The Ukraine conflict has caused a restructuring of the PUBG Continental Series 6 in Europe. It’s yet another example of politics influencing esports.

In another instance of the war in Ukraine hitting esports, the PUBG Continental Series 6 (PCS6) event has been majorly changed. The eastern Europe open qualifiers have been cancelled, causing major format changes.

Despite Eastern European teams participating in tournaments across the scene, they’ll be unable to play in one of the biggest events of the year.

Natus Vincere and Virtus.pro are two exceptions, although the latter team isn’t able to represent their organization. It was recently announced they’ll be playing under a different banner.

The importance of PCS6

The Continental Series 6 is one of the most important events of the year. To qualify for the year-end Global Championship, teams must accumulate PGC Points.

While several third-party events offer points, the biggest way to get them is through the PUBG-run Continental Series events. PCS6 is the first, while PCS7 will be taking place later this year. Each of the four global regions – Americas, Europe, Asia, and APAC – runs their own event.

For Europe’s edition, eight teams are invited while a further eight qualify from three subtournaments – EU West, EU East, and EU MEA. Both Natus Vincere and Virtus.pro were invited, where they’d usually represent EU East. NaVi, despite their primarily Russian roster, will be able to compete as normal.

Virtus.pro‘s roster will be playing, but they cannot represent their organization. They’ll play under the name they used before they were signed, Northern Lights.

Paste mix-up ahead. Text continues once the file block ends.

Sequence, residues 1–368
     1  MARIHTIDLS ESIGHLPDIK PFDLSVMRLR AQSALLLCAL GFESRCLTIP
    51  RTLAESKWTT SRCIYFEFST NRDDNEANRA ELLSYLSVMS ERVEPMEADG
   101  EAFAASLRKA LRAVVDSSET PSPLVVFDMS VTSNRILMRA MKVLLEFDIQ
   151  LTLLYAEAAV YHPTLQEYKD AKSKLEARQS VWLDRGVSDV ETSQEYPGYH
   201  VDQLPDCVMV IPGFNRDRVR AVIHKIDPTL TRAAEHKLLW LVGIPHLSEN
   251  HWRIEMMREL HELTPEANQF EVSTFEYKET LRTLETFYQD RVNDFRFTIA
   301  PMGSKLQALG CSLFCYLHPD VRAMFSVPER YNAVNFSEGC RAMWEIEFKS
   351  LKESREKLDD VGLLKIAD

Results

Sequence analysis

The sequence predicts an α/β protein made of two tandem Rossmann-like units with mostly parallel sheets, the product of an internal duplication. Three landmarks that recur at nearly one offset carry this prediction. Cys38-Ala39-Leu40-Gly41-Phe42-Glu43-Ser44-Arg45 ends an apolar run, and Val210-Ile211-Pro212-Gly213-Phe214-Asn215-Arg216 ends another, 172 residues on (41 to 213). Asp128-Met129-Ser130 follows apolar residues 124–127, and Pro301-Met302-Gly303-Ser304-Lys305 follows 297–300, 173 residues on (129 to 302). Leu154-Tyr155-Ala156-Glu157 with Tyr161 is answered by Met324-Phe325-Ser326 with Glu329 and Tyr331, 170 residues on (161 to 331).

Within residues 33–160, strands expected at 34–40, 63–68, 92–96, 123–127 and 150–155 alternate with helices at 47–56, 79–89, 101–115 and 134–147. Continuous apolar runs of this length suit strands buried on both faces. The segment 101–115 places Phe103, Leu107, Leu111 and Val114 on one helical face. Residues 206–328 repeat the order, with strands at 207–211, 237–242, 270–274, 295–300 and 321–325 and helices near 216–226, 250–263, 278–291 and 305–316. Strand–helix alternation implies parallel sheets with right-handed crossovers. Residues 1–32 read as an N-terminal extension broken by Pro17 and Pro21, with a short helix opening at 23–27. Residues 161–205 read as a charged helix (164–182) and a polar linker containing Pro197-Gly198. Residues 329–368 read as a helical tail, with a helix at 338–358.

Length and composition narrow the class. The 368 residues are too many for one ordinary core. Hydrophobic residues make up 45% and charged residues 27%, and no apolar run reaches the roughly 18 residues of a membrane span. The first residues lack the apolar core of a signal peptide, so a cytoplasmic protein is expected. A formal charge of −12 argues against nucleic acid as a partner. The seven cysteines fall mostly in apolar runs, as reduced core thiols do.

To replace the EU East open qualifier spots, EU West and MEA will be getting four spots each. EU East would regularly have gotten three, meaning it’s not that big a change. However, there will be two extra teams representing Turkey and Northern Africa in PCS6. Undoubtedly, the skill level of the tournament will be lower without the EU East teams involved.

Opinion: Did PUBG Corp. make the right decision?

There are certainly several things that can be criticized in this whole situation. Banning an entire region from competing, made mostly of orgless teams with no choice in the situation, is very disappointing. It’s especially bad when recent third-party tournaments have shown that these teams are still perfectly capable of competing. Professional players took to Twitter to criticize the decision as well.

In addition, having no Russian broadcast hurts the region for not much reward. There must have been a better way than the scorched earth tactic Krafton has used.

Ukraine conflict affects all esports

The conflict in Ukraine has thrown a lot of things into chaos. Esports is no exception. Every scene that operates in Europe has been affected, from CS:GO to Apex Legends to DOTA to VALORANT.

Despite the cries of those who want ‘esports to stay out of politics’, sport is inherently political, and esports are no exception.

Situations like NEOM in League of Legends, the Hong Kong/Blitzchung controversy with Blizzard, and now the varied responses to the war in Ukraine are proof of that. Whatever your thoughts on it, politics are here to stay in the esports space.

Filed Under
Shawn

Shawn "Germanicus" Heerema

Writer of the Month: August | Twitter: @GermanicusCVIII

A writer from Niagara, Canada, Shawn covers VALORANT, League of Legends, and PUBG. He previously wrote for THESPIKE.GG and is a journalism student at Ryerson University. He has also been accredited press for Worlds 2021 and VALORANT Champions.